- First, if the spring coils have a larger diameter than the array length, ensure that your antenna has a narrow bandwidth.
- Second, your resulting antenna should have the largest possible bandwidth if the spring coils are narrow compared to the array’s length.
- Third, your impedance should be far below 50Ω if the original spring antenna is wide and pulsating. That is, the impedance should head to 0Ω. And a large inductor should be part of the structure.
Then, the setup will look like a series-tuned circuit with small radiation resistance.
- Fourth, increase your impedance towards 70Ω if your spring is narrow and the antenna is resonant.
With these rules in mind, you can easily design a linear element antenna with a compromised bandwidth at the feed point and an impedance of 50Ω. Also, a few compromises apply to rubber ducky antennas on cell phone tapers.
Disadvantages of The Rubber Duck Antenna
- It tends to have less gain because of losses.
- The antenna requires a parabolic reflector to boost its performance.
- The current distribution is not sinusoidal. Hence, it’s hard to classify the antenna electrically.
What is the Difference Between a Rubber Duck and a Whip Antenna?
Here’s a list showing the differences between a rubber duck and a base-loaded whip antenna.
|S/N||Features||Rubber duck antenna||Whip antenna|
|1.||Build Design||As the name implies, they are usually covered with a rubber coating that houses a spring wire with a helix shape.||This antenna type is a flexible straight iron rod linked to a radio receiver or transmitter.|
|2.||Directivity||The rubber duck has a lesser direction-sensitive antenna.||The regular quarter-wavelength whip antenna has a more critical directivity than the rubber duck antennas.|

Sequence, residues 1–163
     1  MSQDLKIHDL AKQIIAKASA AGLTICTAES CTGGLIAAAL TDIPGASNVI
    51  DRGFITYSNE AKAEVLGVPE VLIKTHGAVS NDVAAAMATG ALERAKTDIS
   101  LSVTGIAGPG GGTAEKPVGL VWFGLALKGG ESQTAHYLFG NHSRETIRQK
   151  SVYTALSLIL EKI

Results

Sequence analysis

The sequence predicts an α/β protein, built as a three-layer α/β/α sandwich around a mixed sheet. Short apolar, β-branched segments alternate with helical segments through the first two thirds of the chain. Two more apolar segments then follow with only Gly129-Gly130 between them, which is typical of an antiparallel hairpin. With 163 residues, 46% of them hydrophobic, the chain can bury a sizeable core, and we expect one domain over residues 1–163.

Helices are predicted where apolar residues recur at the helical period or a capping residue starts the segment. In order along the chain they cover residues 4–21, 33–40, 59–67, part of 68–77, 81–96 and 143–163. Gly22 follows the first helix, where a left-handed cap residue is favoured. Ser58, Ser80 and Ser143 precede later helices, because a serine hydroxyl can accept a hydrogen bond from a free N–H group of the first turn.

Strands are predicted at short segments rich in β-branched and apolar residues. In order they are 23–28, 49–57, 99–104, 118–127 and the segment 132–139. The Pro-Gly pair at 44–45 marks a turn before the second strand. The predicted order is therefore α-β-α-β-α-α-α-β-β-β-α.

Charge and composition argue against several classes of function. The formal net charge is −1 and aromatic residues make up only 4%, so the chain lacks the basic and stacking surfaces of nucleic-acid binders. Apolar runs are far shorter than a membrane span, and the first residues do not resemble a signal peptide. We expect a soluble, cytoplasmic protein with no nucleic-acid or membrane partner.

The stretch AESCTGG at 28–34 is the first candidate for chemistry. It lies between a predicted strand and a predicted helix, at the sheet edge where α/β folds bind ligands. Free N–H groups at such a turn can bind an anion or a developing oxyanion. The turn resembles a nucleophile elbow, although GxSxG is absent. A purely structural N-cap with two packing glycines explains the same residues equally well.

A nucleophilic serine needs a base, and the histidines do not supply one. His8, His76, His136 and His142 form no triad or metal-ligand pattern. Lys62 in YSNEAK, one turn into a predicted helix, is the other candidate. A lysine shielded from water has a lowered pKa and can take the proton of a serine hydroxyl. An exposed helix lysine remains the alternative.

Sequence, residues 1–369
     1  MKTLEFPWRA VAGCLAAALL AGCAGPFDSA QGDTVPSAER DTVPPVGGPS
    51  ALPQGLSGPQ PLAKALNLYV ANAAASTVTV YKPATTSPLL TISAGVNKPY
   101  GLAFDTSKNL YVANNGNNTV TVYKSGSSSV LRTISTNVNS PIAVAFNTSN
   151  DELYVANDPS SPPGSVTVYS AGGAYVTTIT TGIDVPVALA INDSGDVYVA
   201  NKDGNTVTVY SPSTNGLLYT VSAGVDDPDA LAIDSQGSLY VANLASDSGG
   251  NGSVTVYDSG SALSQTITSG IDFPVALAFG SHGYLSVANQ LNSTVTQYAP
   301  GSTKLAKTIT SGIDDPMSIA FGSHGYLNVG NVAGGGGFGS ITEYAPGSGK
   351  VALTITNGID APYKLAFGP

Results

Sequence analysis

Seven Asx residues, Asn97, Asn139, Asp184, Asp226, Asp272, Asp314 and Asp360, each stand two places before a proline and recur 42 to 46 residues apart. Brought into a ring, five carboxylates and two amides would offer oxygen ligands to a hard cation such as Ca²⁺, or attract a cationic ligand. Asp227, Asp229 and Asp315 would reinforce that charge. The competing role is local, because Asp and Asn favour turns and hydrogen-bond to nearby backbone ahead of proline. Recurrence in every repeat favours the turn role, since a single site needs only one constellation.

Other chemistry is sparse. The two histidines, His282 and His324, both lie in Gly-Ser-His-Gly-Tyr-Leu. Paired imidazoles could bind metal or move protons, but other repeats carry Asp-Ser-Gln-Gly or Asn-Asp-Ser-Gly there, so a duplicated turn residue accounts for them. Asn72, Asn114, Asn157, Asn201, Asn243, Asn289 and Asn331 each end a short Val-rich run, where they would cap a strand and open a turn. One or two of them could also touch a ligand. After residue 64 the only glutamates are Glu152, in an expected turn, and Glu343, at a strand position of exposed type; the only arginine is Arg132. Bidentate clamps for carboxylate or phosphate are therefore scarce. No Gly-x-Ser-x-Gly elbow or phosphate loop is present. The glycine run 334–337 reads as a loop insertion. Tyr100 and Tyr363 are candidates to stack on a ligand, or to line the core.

|3.||Angle range||For a vertical field, a rubber duck antenna has a measurement of 30 to 30 degrees up, while the horizontal is 60 to 60 degrees down.||The quarter-wave whip antennas have 60 to 90 degrees doubling as its best vertical and horizontal angles.|
|4.||Plane positioning||Aiming a rubber duck antenna at a plane is exemplary.||But it’s bad to point a regular whip antenna to a plane.|
Is the rubber duck antenna good?
Yes, a rubber duck antenna produces a decent gain. But it offers a lesser gain than a regular whip antenna.
Is a rubber ducky antenna a dipole?
No, the rubber ducky antenna isn’t a dipole. Instead, it’s a short monopole antenna.
What is the gain of a rubber duck antenna?
The nominal gain for the rubber duck antenna is 2.2dB.
The Bottom Line
The rubber duck antenna is more affordable than most in its category, especially the regular whip antenna. So, it’s not such a surprise that most engineers prefer them.
Aside from a narrow bandwidth, the rubber duck antenna comes with a high Q factor, a feature common among most short monopoles’ antennas.
So, let us know what you think about the article. Also, feel free to send us a message if you have any questions to ask. We look forward to hearing from you!